Originally posted at Blogger in March 2012 – since the originally posting of this we’ve lost John, too many lost.
Due to my diagnosis of cancer 7 1/2 years ago my Ears, Nose and Throat Doctor requests with hardened determination to see me once a year. The first year I saw him every month, that’s how serious the return of my cancer could be. The second month I saw him every 2 months, the third year every 3 months and so on where I have for the last couple years been able to only have to see him once a year. I see my Oncologist once a year to and with these appointments being 6 months apart I am reassured twice a year that I’m still kicking.
The first time I saw my ENT Doctor was August of 2004, where he stuck a huge needle in the side of my neck and sucked out, as my mind remembers it, a thick pale yellowy paste, not just a little, a lot. Somehow I knew that couldn’t be very good, but we made small talk, and he said he’d send it off to be tested. I don’t recall him telling me not to worry. The second time I saw him, I cried. That’s when he told me I had Stage IV metastasis Tonsil cancer. He had pulled that junk out of my lymph node. Actually he told me I had cancer, I asked him what stage it was. I wasn’t very happy with the answer and wondered why I had to ask. There was to be no living in a bubble of everything was going to be alright. It was pretty serious. I don’t recall what day of the week it was, but I know it was the 27th of August. Just 2 days after my Wedding Anniversary and just a month after my youngest son’s 2nd birthday.
It’s been a long haul. Lots of tears and fear. Lots of laughter and giggles. Lots of CT scans, PET scans, down the nose scopes, an MRI when one PET showed something (a bit of a scare, but turned out to be nothing), scrapping of my uterus when something showed on another PET, (I was certain and accepted it was cancer, it wasn’t), surgery to remove the lymph nodes on the left side of my neck, because yet another PET showed something and with my history of metastasis cancer to the lymph nodes on the other side they had to be removed. I wasn’t afraid. I have a lot of trust in my Doctor. He’s a good man. It too turned out to be no cancer. I’ll take the large scar on my neck. I believe it was a small price to pay, compared to all the chemo and radiation treatments I went through before.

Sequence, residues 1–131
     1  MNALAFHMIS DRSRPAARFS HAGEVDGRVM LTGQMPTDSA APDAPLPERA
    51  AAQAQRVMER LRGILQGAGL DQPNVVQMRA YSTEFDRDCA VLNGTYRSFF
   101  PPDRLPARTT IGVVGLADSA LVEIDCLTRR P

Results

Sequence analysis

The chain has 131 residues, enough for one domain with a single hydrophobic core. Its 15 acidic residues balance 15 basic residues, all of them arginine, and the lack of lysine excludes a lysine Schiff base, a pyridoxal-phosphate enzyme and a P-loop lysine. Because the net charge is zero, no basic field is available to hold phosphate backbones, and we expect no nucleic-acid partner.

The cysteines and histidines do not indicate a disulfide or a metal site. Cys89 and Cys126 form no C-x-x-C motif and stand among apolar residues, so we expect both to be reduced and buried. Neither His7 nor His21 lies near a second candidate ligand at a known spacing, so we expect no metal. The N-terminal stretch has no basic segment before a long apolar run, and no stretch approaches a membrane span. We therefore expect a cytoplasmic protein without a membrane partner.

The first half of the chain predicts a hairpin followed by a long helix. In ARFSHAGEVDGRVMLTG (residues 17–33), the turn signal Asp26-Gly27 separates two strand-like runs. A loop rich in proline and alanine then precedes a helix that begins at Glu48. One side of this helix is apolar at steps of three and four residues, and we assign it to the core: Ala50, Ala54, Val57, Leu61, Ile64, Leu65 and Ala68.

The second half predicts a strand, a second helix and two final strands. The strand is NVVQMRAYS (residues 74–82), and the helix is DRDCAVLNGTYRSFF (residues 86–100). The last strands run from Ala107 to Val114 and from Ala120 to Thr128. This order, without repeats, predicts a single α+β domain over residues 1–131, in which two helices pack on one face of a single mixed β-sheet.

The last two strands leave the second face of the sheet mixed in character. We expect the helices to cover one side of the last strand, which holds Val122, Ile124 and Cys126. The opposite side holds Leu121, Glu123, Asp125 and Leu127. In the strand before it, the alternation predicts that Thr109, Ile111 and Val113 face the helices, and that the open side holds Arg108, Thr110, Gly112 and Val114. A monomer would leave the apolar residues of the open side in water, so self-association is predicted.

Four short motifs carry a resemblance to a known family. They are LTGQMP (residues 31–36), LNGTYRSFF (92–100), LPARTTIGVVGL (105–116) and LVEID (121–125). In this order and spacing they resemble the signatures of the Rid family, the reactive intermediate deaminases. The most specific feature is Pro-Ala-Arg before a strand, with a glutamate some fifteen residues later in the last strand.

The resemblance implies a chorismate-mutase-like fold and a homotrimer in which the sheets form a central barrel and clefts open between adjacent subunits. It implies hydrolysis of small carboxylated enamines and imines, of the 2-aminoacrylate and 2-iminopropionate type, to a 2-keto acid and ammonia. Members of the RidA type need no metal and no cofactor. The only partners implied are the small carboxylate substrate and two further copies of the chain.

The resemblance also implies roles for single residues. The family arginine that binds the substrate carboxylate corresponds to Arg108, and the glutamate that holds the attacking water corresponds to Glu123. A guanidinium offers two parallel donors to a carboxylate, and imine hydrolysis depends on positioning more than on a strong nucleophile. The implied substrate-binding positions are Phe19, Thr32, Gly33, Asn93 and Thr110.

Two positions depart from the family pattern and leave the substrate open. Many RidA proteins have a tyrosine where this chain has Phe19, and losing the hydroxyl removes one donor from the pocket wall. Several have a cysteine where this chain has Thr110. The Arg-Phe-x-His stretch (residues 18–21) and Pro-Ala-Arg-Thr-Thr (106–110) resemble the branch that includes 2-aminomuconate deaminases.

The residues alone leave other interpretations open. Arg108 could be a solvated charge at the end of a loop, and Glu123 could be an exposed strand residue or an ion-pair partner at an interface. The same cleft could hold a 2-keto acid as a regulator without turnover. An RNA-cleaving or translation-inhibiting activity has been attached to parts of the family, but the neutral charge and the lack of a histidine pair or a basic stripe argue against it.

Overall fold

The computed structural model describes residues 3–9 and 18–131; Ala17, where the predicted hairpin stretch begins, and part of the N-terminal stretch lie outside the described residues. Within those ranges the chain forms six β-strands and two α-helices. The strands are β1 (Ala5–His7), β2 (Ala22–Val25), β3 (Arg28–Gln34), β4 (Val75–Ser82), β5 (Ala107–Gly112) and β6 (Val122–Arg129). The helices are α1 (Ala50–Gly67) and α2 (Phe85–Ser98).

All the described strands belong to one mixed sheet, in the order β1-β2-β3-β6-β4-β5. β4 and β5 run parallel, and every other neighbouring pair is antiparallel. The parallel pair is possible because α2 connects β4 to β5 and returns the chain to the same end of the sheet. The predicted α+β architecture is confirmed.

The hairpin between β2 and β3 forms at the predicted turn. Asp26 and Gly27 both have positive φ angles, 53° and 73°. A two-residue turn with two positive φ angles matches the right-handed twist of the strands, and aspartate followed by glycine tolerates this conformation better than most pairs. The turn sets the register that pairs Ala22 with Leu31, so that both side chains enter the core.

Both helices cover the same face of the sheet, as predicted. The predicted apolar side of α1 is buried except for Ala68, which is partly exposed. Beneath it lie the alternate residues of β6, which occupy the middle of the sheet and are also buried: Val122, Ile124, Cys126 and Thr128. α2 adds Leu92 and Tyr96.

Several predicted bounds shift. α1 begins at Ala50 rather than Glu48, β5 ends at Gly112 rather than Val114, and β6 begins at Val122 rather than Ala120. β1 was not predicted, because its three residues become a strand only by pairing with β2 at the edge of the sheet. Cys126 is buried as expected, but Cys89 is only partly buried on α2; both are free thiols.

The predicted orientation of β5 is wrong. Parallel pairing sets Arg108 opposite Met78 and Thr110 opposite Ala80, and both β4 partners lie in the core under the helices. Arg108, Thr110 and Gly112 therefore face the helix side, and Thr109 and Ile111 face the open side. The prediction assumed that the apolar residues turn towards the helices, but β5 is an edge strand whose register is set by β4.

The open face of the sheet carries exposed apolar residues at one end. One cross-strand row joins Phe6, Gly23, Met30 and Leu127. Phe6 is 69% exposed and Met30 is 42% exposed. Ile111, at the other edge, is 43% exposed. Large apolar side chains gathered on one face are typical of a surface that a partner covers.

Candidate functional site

I believe most people who have been diagnosed with cancer will tell you no matter how far out you get from your original diagnosis you never quit asking the question when is it coming back. At this stage I can get through several days without thinking too much about it, but as I approach the upcoming appointments between the ENT and the Oncologist the thought reaches in and takes hold. I feel a little pain, is it the cancer? I cough a little more, is it the cancer? I just can’t help it, I don’t even have to try, it just pops in. It wasn’t any different this time leading up to this appointment. For starters it had been rescheduled twice. That never makes me happy. Today I arrived almost an hour early and sat in the noisy waiting area. Someone’s tiny baby was very sad, or angry, or hungry or wet or in pain. I was called in late after waiting too long, but I was smart enough to bring some light reading, The Hunger Games, kept my brain occupied with ummmm, yeah, death. Good call I’d say.